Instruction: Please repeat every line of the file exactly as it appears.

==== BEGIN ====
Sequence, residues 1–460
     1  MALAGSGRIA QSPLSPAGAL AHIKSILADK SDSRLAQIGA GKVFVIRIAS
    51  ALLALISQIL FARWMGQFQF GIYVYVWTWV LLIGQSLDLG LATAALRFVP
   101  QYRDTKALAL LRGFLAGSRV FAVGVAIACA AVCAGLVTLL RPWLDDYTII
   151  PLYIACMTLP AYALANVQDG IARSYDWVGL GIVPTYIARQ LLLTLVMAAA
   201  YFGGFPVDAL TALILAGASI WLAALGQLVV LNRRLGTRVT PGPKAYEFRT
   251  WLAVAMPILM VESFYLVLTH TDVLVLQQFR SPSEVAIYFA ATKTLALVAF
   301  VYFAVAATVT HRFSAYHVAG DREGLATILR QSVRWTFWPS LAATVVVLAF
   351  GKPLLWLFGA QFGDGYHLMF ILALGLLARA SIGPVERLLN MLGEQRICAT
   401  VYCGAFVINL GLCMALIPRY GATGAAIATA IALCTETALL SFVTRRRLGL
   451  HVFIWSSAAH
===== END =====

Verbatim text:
Sequence, residues 1–460
     1  MALAGSGRIA QSPLSPAGAL AHIKSILADK SDSRLAQIGA GKVFVIRIAS
    51  ALLALISQIL FARWMGQFQF GIYVYVWTWV LLIGQSLDLG LATAALRFVP
   101  QYRDTKALAL LRGFLAGSRV FAVGVAIACA AVCAGLVTLL RPWLDDYTII
   151  PLYIACMTLP AYALANVQDG IARSYDWVGL GIVPTYIARQ LLLTLVMAAA
   201  YFGGFPVDAL TALILAGASI WLAALGQLVV LNRRLGTRVT PGPKAYEFRT
   251  WLAVAMPILM VESFYLVLTH TDVLVLQQFR SPSEVAIYFA ATKTLALVAF
   301  VYFAVAATVT HRFSAYHVAG DREGLATILR QSVRWTFWPS LAATVVVLAF
   351  GKPLLWLFGA QFGDGYHLMF ILALGLLARA SIGPVERLLN MLGEQRICAT
   401  VYCGAFVINL GLCMALIPRY GATGAAIATA IALCTETALL SFVTRRRLGL
   451  HVFIWSSAAH